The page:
beignets

February 21, 2012
Deep in the heart of the French Quarter in a city called New Orleans lies a little, unknown (err... okay... well-known) cafe that serves the best possible breakfast anyone could imagine.   Beloved CafĂ© Du Monde captured my beignet-loving heart as a little girl and hasn't let go.  There's very little that could make anyone happier than a paper sack full of sugar-coated-fried-dough and I don't even want to look you in the face if you can't agree with that.  If you haven't had beignets before, they're similar to the Italian zeppole except for the fact that they're better.  Many moons better. 
So come on y'all.  They don't call today Fat Tuesday for nothin'.  Slap on your sweatpants and get to munching.  As far as Mardi Gras is concerned, I think beignets are the only way to party.

Beignets
2 1/4 teaspoons active dry yeast (one packet)
1 1/2 cups warm water (110 degrees F)
1/2 cup sugar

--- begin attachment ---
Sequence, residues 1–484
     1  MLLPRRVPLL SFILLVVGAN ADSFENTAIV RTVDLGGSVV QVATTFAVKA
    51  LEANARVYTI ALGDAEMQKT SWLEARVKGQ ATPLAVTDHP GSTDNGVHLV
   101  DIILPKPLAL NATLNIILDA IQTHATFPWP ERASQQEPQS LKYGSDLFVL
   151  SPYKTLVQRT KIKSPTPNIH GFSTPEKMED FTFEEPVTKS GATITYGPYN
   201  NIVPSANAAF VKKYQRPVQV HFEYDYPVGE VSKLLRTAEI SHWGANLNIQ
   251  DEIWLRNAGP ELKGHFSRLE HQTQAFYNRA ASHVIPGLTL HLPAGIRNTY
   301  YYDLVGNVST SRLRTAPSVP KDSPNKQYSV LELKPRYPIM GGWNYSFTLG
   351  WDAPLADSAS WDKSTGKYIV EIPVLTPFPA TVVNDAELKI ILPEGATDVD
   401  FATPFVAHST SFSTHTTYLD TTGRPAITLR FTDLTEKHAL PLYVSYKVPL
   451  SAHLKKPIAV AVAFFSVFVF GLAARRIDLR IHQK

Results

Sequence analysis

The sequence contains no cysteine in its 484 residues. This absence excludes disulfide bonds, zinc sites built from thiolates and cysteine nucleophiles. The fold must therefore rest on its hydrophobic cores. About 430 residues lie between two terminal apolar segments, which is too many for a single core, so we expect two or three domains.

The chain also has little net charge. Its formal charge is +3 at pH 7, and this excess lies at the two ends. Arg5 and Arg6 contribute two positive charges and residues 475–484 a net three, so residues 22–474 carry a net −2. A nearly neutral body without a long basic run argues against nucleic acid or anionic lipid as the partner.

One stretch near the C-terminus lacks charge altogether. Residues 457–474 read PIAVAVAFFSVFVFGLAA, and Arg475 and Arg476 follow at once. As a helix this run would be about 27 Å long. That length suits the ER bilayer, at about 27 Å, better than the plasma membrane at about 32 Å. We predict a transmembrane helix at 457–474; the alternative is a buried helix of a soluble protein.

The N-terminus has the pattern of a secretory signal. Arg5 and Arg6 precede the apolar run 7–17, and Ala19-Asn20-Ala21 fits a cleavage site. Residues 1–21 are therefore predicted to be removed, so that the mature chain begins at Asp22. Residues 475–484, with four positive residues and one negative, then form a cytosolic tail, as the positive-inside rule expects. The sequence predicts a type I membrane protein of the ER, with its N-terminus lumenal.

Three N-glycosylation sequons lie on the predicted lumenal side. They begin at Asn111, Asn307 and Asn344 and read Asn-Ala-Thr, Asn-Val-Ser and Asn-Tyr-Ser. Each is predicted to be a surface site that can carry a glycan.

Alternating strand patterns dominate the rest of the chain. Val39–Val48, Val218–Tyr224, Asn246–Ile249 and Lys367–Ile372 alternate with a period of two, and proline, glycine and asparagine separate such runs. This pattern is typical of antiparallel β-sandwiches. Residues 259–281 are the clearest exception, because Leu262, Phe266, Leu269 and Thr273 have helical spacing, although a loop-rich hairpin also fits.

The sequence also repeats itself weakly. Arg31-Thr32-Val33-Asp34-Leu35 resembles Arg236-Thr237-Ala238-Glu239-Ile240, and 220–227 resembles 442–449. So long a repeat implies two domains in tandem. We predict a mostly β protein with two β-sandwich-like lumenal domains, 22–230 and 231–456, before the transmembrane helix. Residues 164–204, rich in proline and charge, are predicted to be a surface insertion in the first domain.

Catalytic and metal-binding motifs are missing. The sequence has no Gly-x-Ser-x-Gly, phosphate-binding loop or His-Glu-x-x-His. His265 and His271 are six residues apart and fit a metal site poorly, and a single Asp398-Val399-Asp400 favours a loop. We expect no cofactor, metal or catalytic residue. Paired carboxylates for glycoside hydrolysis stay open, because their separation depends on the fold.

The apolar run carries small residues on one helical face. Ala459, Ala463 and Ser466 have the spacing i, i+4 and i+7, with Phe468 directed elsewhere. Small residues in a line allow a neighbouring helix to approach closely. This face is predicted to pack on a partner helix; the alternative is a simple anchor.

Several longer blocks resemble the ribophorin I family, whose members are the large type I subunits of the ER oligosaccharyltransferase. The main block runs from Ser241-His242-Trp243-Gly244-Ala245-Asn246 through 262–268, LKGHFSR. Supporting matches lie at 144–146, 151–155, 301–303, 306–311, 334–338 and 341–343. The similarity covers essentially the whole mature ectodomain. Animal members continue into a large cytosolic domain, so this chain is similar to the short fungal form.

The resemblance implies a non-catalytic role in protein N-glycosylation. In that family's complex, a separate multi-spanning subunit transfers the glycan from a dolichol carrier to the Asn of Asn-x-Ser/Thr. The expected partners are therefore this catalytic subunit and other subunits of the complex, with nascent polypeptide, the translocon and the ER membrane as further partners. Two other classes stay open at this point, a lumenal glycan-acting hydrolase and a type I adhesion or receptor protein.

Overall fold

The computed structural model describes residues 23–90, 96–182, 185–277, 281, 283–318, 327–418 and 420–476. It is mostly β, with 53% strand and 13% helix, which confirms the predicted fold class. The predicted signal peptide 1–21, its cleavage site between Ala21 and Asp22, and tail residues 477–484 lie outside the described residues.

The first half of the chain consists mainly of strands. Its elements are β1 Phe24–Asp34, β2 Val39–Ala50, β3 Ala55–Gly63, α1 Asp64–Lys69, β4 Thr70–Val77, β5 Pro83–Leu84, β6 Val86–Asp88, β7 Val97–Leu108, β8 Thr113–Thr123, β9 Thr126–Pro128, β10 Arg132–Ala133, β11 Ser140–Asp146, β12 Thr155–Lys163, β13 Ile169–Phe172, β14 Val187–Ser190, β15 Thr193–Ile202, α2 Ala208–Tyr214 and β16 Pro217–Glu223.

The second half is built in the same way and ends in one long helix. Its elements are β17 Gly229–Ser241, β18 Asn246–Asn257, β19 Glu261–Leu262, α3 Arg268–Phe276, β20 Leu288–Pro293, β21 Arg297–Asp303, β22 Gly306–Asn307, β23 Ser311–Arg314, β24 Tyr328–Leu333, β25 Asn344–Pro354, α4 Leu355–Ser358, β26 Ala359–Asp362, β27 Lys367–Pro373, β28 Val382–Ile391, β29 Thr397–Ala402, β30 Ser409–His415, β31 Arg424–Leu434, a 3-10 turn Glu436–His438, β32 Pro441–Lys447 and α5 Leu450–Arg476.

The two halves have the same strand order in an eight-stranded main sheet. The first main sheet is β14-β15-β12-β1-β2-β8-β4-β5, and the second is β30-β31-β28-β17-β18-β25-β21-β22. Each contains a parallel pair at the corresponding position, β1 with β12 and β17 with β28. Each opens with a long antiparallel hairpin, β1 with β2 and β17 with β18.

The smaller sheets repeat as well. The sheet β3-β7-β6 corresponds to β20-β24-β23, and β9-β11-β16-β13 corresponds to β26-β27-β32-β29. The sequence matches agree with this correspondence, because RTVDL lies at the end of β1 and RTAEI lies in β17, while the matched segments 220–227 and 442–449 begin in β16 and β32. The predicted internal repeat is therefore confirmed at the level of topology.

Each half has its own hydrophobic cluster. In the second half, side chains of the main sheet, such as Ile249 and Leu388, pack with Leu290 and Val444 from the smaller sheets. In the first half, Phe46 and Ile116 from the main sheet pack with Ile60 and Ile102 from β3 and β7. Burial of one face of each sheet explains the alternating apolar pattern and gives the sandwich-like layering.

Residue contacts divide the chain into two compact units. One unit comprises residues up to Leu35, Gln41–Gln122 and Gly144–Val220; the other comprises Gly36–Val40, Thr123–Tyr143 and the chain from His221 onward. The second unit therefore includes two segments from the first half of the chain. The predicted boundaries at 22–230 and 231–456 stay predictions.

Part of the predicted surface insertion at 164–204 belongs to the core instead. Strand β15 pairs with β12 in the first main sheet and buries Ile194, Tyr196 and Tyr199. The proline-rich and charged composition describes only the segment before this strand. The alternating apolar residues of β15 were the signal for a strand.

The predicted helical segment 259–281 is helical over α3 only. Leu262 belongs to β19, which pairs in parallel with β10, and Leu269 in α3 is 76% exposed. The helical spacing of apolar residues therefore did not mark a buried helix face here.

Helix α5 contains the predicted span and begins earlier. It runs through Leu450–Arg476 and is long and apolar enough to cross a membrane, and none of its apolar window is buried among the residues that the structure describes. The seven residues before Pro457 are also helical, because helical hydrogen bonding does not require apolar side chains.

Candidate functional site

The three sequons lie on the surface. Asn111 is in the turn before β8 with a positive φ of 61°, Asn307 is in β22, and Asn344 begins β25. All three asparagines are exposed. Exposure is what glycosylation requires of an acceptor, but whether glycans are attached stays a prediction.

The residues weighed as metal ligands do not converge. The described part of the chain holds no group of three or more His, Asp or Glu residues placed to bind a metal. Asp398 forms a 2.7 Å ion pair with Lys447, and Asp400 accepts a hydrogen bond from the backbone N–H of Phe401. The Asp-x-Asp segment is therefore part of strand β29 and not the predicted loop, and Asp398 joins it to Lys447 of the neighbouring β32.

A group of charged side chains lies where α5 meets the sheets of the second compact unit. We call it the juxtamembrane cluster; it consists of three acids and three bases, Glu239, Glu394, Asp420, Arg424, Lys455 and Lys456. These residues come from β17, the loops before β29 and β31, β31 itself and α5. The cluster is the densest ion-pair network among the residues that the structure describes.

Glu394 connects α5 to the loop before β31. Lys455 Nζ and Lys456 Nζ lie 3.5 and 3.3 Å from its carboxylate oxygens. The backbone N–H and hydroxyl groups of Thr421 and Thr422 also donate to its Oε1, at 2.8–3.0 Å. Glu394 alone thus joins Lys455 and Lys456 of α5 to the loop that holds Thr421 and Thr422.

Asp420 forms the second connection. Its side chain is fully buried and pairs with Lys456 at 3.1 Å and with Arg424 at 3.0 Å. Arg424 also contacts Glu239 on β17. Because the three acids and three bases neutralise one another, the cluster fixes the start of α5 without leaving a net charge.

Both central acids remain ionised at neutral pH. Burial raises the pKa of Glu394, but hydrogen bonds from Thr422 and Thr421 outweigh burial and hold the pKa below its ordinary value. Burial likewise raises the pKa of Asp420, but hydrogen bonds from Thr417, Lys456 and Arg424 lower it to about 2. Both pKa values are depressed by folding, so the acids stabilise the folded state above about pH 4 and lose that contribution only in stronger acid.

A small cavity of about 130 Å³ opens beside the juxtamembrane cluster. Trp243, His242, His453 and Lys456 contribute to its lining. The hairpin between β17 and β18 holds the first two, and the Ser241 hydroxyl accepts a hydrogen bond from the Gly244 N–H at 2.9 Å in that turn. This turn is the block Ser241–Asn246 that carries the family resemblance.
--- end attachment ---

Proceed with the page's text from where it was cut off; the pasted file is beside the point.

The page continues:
1 teaspoon salt
1 1/2 tablespoons vanilla
2 eggs
1 cup evaporated milk
7 cups all-purpose flour
1/4 cup shortening
1 quart vegetable oil, for frying
1 cup confectioners' sugar, in a paper bag

  1. In a large bowl, dissolve yeast in warm water. Add sugar, salt, vanilla, eggs, evaporated milk, and blend well. Mix in 4 cups of the flour and beat until smooth. Add the shortening, and then the remaining 3 cups of flour. Cover and chill for at least an hour (or up to 24 hours.)
  2. On a well-floured surface, roll out dough 1/8 inch thick. Cut into 2 1/2 inch squares.
  3. Fry in 360 degree F hot oil, carefully monitoring the temperature. Drain onto paper towels. 
  4. Place several Beignets at a time in the paper bag with confectioners' sugar and shake until well-coated.
  5. Serve warm with coffee.